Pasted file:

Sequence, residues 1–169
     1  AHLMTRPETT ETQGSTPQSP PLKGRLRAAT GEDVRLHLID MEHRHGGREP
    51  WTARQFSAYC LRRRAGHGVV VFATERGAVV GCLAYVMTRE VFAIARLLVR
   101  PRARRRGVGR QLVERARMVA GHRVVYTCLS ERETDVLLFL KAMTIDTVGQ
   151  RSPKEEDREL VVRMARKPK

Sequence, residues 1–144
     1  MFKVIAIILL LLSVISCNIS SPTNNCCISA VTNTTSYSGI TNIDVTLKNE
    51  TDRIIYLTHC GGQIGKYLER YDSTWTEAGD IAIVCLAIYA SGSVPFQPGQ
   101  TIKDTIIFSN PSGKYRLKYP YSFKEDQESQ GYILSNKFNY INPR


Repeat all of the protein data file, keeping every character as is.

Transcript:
Sequence, residues 1–169
     1  AHLMTRPETT ETQGSTPQSP PLKGRLRAAT GEDVRLHLID MEHRHGGREP
    51  WTARQFSAYC LRRRAGHGVV VFATERGAVV GCLAYVMTRE VFAIARLLVR
   101  PRARRRGVGR QLVERARMVA GHRVVYTCLS ERETDVLLFL KAMTIDTVGQ
   151  RSPKEEDREL VVRMARKPK

Sequence, residues 1–144
     1  MFKVIAIILL LLSVISCNIS SPTNNCCISA VTNTTSYSGI TNIDVTLKNE
    51  TDRIIYLTHC GGQIGKYLER YDSTWTEAGD IAIVCLAIYA SGSVPFQPGQ
   101  TIKDTIIFSN PSGKYRLKYP YSFKEDQESQ GYILSNKFNY INPR